A Practical Guide to Fashions, Hairstyles and Make-up of the 1950s
Author: Mike Brown
Category: Clothing and dress
This book really makes you think about what you wear and why. In flicking through the pages you realise the different aspects of everything that gives you The Look. Obviously a great deal of research has gone into this book with every topic on what gave The Look in the 1950's being addressed. The contents include clothing for men, women, children and teenagers; home dressmaking, accessories, hairstyles and makeup with lots of other interesting snippets along the way. It is a book that will delight old and young. It may be that you were around during this period and the splendid array of photographs will act as a reminder of what you have forgotten. If you are young it is a splendid way to see how people looked in the 50's and compare with The Look of today, which is very different. You do not have to read this book from cover to cover to enjoy. Its just one of those books that you can just dip into. The book is well written by Mike Brown and extremely well produced by Sabrestorm Publishing. If you have an interest in fashion or history then this book definitely deserves a place in your book collection. Well done to Mike Brown, Ian Bayley and the rest of the team who produced this book.
More than a footnote to the Second World War, or a foreword to the youth-obsessed exhilaration of the Sixties, the Fifties was a thrilling decade devoted to newness and freshness. The British people, rebuilding their lives and wardrobes, demanded modern materials, vibrant patterns and exciting prints inspired by scientific discoveries and modern art. Despite the influence of glamorous Paris couture led by Dior, home-grown fashion labels including Horrockses and the young Queen Elizabeth's couturier Norman Hartnell had an equally great, if not greater impact on British style. This book, written by an assistant curator at the Victoria and Albert Museum, is a fascinating look back to the days when post-war Britain developed a fresh sense of style.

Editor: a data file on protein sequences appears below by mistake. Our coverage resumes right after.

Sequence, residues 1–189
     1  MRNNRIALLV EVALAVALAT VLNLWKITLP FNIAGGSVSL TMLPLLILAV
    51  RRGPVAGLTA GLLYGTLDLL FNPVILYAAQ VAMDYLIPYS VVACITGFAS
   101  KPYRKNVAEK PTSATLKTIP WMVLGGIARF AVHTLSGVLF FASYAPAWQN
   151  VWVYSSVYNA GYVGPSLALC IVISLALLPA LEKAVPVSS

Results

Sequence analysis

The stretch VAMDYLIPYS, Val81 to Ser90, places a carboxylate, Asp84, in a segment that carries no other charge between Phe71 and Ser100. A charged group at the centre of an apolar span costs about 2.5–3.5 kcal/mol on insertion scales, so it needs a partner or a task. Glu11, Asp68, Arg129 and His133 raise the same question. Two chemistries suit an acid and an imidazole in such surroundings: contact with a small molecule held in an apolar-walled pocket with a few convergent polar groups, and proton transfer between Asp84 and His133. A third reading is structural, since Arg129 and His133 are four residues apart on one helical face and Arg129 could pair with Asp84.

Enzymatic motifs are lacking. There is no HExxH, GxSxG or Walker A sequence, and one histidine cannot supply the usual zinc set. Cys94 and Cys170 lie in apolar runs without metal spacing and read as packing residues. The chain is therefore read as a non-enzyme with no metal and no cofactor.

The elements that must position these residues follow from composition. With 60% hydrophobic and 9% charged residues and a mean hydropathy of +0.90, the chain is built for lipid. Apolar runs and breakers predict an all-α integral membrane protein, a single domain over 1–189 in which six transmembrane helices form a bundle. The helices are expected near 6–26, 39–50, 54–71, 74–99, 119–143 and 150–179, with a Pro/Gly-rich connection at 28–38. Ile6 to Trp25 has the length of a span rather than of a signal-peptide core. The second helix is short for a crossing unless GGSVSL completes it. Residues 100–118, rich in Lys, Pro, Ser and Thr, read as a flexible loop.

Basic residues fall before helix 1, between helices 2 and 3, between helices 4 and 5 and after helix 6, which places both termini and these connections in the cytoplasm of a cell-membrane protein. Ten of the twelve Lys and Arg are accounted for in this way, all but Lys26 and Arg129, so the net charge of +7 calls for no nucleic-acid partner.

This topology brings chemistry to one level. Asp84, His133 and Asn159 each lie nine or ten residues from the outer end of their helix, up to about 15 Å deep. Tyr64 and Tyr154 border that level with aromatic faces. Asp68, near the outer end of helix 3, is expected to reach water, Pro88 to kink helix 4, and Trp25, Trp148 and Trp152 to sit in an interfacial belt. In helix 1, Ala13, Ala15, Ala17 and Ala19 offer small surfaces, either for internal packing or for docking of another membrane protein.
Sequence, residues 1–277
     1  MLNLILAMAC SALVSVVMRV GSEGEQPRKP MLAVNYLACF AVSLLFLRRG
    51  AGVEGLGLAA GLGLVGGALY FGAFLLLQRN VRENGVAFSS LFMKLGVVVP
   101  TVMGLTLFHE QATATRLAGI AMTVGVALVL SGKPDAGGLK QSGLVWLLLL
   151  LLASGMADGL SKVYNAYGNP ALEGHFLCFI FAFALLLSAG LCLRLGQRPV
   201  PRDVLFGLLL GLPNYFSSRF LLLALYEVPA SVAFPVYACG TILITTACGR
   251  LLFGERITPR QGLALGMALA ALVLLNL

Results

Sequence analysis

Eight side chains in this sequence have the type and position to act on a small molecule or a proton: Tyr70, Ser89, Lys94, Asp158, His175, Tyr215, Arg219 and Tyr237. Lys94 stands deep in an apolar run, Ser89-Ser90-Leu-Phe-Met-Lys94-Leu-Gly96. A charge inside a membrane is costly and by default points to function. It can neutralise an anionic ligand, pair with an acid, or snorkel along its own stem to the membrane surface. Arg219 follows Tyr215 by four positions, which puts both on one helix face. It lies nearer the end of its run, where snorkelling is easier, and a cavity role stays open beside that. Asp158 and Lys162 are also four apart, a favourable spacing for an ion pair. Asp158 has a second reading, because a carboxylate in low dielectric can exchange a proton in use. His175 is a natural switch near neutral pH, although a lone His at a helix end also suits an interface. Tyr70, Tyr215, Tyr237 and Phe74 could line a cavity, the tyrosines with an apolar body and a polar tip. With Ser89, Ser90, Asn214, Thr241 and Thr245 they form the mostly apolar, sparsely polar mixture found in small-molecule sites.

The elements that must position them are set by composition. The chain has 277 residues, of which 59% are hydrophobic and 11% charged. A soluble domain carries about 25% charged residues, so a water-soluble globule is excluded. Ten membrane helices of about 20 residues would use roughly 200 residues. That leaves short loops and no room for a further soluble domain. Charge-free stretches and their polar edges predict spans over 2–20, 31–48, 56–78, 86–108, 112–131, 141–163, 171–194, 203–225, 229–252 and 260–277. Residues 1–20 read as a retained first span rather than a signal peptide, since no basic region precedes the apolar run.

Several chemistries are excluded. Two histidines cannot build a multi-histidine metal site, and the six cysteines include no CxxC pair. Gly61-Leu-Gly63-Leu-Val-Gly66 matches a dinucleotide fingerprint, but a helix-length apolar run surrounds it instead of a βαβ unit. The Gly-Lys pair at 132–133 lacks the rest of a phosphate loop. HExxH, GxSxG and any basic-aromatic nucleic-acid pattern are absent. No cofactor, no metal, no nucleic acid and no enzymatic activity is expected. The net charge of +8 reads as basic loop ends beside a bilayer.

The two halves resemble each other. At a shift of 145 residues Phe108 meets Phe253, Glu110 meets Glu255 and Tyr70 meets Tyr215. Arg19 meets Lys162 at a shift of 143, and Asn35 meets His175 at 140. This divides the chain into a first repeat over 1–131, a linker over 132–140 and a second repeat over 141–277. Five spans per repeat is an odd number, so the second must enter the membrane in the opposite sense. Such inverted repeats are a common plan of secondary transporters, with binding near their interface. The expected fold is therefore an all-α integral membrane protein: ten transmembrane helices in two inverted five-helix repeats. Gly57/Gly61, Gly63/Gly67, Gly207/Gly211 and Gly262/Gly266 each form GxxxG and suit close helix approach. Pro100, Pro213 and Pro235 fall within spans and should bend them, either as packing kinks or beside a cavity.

Mose and Lilybell Middleton had had enough of picking cotton and saw no future in continuing it. They were especially mindful of the lack of a future in the South for their daughter, Hannah Rose. Their plans were to make a secretive effort to move to the North when cotton season was over, but the plans were overheard by the landowner s young son, James, which inconveniently expedited the move. A poignant consequence was an almost-lifelong breach in the friendship between James and Mose s younger brother, Actris. With significant help from a black preacher, the Middletons were successful in their northern exodus. Before leaving South Carolina, Hannah Rose, with uncanny prevision, left one of her two possessions to help her later in life make a decision to come back home. Gradually their lives began to improve after a lengthy acclimation to their new surroundings. Mose got a job as a janitor in a factory in Philadelphia owned by Catherine Rutledge Bradford, part of an old and influential family from Charleston. Mose s hard work and ingenuity were recognized by his superiors and rewarded accordingly. Lilybell s intelligence and refinement came to the attention of Mrs. Bradford, who took her into her home as hostess and companion. After several years, Mrs. Bradford s declining health necessitated a change in the factory s ownership that didn t value Mose s abilities, which put him on top of the list for removal.